Re: NVDA documentation


Quentin Christensen
 

Just to recap where we're at here:

1) In the Input Gestures dialog, under "Object Navigation" are two gestures, "Moves to the next object in a flattened view of the object navigation hierarchy", and "Moves to the previous...".  These are assigned flick right and flick left (respectively) in touch screen object mode.

2) There are no default keyboard keystrokes assigned to these gestures.  By opening the Input Gestures dialog and moving to those two options, you can assign keystrokes to these.

3) In the User Guide, under Object Navigation, flick right and left are listed as gestures for next and previous object with flick up and flick down listed as move into and out of the containing object.  The "flattened view" commands are not mentioned: https://www.nvaccess.org/files/nvda/documentation/userGuide.html#ObjectNavigation

So, for now, if you want to assign a keystroke to move by object in a flattened view, see point 1 above.  If you strongly feel there should be default gestures already and would like to put forward a good argument for that, please create an issue: https://github.com/nvaccess/nvda/issues

And meanwhile I will follow up the discrepancy between what is in the user guide and what the gestures are (point 3).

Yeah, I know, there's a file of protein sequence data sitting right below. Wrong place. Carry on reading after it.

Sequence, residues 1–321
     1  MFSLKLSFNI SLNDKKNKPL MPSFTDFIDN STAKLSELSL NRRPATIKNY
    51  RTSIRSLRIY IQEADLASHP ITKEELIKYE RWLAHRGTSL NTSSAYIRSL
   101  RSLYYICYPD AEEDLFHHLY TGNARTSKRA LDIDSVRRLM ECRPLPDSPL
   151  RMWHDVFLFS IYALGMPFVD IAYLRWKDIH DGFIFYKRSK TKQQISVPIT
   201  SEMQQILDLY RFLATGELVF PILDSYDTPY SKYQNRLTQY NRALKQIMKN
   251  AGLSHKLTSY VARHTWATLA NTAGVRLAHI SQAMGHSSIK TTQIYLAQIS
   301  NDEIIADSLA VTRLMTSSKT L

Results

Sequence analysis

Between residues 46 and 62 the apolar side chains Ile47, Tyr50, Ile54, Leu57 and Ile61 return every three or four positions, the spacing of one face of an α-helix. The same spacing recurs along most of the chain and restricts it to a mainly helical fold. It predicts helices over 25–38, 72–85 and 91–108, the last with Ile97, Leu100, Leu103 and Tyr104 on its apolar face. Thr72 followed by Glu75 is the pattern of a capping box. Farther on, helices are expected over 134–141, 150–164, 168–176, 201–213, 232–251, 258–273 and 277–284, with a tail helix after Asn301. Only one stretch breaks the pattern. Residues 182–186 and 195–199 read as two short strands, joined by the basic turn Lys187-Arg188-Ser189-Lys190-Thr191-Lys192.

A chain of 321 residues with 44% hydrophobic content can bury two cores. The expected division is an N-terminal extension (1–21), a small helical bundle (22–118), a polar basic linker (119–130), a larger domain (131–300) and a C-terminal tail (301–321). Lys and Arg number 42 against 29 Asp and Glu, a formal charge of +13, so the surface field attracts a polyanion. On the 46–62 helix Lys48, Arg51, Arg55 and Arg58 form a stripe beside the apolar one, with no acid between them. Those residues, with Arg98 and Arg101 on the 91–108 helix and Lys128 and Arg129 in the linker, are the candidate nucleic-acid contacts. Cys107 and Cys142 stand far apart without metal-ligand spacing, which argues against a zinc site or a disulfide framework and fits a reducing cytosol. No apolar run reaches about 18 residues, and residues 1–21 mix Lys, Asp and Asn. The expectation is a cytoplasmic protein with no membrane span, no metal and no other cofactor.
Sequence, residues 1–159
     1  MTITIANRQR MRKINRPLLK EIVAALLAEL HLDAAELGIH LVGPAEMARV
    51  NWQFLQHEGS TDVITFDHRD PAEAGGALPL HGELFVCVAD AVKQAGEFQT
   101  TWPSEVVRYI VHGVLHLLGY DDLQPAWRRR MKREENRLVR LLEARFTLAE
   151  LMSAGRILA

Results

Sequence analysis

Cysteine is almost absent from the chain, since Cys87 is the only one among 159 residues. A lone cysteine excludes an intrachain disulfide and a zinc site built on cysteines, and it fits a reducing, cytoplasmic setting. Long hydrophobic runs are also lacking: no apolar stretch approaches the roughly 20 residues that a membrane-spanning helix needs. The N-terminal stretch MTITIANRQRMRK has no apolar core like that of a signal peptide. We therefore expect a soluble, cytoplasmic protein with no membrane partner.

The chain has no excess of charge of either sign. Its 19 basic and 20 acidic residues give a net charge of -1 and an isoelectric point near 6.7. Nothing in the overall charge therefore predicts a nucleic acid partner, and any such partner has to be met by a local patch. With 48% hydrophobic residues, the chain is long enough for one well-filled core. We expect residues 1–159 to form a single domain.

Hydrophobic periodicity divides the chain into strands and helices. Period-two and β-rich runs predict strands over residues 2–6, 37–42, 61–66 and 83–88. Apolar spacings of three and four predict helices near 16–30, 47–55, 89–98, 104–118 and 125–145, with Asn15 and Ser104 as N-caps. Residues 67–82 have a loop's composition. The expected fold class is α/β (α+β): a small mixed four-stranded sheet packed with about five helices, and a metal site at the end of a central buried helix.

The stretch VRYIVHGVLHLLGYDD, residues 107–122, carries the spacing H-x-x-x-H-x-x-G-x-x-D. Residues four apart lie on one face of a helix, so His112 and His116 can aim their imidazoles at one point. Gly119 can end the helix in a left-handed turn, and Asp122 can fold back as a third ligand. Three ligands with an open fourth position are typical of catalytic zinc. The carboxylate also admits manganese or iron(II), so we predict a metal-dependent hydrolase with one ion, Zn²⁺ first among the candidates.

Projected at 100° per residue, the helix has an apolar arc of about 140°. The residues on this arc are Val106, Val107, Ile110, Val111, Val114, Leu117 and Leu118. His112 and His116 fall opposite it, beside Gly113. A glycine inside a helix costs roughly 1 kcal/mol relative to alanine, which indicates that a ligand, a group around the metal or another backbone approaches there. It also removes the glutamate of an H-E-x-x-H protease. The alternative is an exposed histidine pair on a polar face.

Kind regards

Quentin.


On Thu, Sep 9, 2021 at 5:59 AM Rui Fontes <rui.fontes@...> wrote:

In this specific case, it was Jaws copying NVDA! lol!


Regards,


Rui Fontes


Às 20:56 de 08/09/2021, Jonathan COHN via groups.io escreveu:
So this works the same way essentially as JAWS's touch cursor if I am reading your description correctly. JAWS does have an "advanced touch" cursor mode that treats up/down/left/right almost identically to how NVDA does object navigation.
Thanks, this is quite useful to know.
Jonathan C. Cohn 

On Sep 8, 2021, at 08:29, Joseph Lee <joseph.lee22590@...> wrote:

Hi,

Quentin is the one who looks after documentation these days, and I sometimes look at user guide.

The flattened view refers to moving to the next or previous object regardless of object navigation hierarchy. For example, you can move from an object to its child, then to the object's sibling, then to the object next to its parent and what not. This was implemented to support object navigation via touchscreen gestures where you can move among objects on the screen regardless of relationship.

Cheers,

Joseph




--
Quentin Christensen
Training and Support Manager

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